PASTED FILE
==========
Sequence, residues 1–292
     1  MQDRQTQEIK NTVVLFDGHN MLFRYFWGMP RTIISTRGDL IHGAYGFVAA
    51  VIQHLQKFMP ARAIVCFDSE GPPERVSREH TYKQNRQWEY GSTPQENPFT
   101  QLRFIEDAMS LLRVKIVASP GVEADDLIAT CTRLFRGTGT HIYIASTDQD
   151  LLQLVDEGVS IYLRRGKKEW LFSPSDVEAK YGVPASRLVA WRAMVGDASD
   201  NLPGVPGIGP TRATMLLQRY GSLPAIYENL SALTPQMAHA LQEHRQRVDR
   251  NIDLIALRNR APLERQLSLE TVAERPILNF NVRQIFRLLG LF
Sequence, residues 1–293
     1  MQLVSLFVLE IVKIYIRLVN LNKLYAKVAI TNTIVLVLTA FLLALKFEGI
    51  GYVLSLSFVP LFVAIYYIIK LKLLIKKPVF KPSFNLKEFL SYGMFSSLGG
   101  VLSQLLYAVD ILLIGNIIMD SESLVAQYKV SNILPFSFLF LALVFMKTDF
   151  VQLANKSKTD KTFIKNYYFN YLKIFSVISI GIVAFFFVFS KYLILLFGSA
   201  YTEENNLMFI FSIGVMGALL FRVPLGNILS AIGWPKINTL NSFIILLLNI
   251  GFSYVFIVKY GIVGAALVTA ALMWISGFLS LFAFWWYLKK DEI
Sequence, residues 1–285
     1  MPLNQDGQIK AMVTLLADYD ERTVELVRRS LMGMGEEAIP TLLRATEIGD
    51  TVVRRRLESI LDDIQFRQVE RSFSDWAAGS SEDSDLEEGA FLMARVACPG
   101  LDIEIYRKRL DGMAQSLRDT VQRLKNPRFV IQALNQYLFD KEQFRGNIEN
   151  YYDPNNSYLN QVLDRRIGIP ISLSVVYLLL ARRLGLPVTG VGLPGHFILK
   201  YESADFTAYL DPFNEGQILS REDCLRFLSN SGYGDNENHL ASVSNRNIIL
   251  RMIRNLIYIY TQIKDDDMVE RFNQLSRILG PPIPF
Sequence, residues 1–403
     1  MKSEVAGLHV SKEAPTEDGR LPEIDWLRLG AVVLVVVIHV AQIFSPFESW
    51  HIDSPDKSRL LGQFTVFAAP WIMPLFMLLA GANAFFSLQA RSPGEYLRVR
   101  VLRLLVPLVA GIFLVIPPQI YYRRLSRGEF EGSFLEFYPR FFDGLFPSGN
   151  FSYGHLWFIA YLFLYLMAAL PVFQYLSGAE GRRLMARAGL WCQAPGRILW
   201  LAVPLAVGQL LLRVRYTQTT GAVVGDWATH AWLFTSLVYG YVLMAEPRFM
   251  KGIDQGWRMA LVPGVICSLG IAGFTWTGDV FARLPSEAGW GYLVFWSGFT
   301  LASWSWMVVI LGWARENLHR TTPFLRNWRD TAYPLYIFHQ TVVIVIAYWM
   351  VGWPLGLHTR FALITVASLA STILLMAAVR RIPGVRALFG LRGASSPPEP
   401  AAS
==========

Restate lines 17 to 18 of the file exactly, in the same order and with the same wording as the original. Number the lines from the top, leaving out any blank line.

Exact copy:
    51  TVVRRRLESI LDDIQFRQVE RSFSDWAAGS SEDSDLEEGA FLMARVACPG
   101  LDIEIYRKRL DGMAQSLRDT VQRLKNPRFV IQALNQYLFD KEQFRGNIEN